"I am such an addict." That's what I thought to myself as I stood at the counter of the little independent bookstore on Main Street, handing over my debit card to pay an amount that could--and should--have been used for food (I have yet to grocery-shop for the week) or clothing (I pulled yet another thread from my sleeve as I waited for the cashier to ring up my purchase).
Will I read these books? Of course I will.
Did I plan to buy these books when I walked into the bookstore? Of course I didn't.
Yet, even before I walked in, I knew I would be poorer when I walked back out. Even as I stepped into the store, I thought to myself, "Self, you really don't want to do this." See, I usually try to leave my wallet behind when I go to a bookstore. That's one way I can (almost) guarantee that I won't buy anything. I say "almost" because I've been known to tell the clerk, "Could you hold this book? I just need to run to my car and get my wallet ..."
I bought four books. One should not buy four books at a time. If one is going to get four books at a time, one should be at the library, or at least a used-book store, where the tattered old copies are a quarter apiece.
But one can't write in library books. And, as much as I love used books, there's nothing quite like a new book.
What's really sad, and what is a true sign of this addiction, is the fact that these aren't the first four books I've bought this week. I bought two on amazon.com yesterday.
(No, I don't have an endless supply of money for books. I did the same thing, minus amazon.com (which didn't exist yet), when I was a broke twentysomething.)
It's true that I've been looking for a good novel to read. I generally keep three or four books going at once--the Bible, a nonfiction book on theology or philosophy, some other nonfiction book, and a novel. So lately I'm reading Spiritual Depression: Its Causes and Cure (by Martin Lloyd-Jones), and I'm getting ready to start Uneven Ground: Appalachia since 1945 (by Ronald D Eller). I've read a couple of novels since Atlas Shrugged, but none have grabbed me the way Atlas Shrugged did. So yes, I've been looking for a novel.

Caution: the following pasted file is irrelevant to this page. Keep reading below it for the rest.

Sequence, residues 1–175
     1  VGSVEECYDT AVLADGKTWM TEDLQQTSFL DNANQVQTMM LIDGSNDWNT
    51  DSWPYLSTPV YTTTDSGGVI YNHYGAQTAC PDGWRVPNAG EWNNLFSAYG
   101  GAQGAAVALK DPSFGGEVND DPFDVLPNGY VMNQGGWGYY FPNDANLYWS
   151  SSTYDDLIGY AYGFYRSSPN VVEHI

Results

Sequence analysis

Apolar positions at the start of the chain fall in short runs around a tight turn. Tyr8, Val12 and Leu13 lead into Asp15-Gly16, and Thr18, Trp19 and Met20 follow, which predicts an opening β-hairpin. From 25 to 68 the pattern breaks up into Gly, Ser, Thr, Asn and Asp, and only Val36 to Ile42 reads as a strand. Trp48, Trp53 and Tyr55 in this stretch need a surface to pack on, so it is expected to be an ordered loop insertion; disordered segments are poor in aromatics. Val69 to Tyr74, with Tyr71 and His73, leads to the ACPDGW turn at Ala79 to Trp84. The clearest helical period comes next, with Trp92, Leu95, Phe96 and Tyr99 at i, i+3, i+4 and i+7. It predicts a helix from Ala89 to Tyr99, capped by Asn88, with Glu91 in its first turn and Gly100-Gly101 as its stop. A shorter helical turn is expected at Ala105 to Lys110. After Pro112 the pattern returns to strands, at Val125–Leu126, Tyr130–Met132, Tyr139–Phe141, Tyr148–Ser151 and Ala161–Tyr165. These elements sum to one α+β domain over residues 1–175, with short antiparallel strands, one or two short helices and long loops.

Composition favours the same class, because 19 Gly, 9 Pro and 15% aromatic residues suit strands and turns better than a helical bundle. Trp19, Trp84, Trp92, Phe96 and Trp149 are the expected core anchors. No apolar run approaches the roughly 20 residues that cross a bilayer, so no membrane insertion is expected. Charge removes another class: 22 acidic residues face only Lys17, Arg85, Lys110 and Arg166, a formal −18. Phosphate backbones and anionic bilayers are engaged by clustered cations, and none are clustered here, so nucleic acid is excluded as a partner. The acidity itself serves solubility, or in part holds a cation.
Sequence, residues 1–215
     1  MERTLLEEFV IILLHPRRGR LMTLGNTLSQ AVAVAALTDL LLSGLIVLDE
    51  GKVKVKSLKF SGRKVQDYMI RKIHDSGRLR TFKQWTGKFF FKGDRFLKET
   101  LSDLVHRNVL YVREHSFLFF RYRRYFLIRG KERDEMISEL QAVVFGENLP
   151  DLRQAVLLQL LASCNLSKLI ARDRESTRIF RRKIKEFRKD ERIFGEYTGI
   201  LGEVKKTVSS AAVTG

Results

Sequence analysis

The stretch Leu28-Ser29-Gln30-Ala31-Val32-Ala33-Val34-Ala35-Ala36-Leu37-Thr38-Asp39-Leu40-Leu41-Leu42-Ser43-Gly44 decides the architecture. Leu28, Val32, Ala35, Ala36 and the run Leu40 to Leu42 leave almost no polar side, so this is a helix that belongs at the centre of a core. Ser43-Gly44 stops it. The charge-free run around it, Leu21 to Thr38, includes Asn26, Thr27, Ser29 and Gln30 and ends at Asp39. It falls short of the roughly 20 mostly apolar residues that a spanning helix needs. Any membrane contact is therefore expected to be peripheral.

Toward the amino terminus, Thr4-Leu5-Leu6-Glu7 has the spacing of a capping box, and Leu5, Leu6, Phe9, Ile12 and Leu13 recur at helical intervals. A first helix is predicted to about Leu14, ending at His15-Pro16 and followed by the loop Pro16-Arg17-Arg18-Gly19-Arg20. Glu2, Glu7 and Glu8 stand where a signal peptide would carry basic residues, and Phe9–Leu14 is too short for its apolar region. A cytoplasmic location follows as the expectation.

I went through all of my bookcases the other night, but nothing jumped out at me.
So what choice did I have?
I went to the classics section, which is, of course, the only section worth browsing. (Just kidding. But it's my favorite section.) I've read most of the books in the small classics section at our bookstore, so I decided I'd buy four books I either (a) had never read, or (b) haven't read in a long time. Of course, they couldn't be books I already owned.
So, I bought:
The Hiding Place, by Corrie ten Boom (I’m not sure why this one was in the classics section. But it jumped out at me, and I was in a book-buying mood, so now it’s mine.)
Animal Farm, by George Orwell (I know I’ve read this before. I don’t remember it. So I’m reading it again.)
The Pilgrim's Progress, by John Bunyan (I love this book.)
The Fountainhead, by Ayn Rand (If I can’t find something to grab me the way Atlas Shrugged did, I guess it’s a good idea to read something else by the same author.)
That's two books I've read and two books I haven't read. Considering one of them (Pilgrim's Progress) is one of my favorite books of all times, it kind of shocks me to think I didn't have my own copy.
Who knows. Maybe I do have my own copy. But now I definitely know I do.
(I know. Spoken, or at least written, like a true book-buying addict.)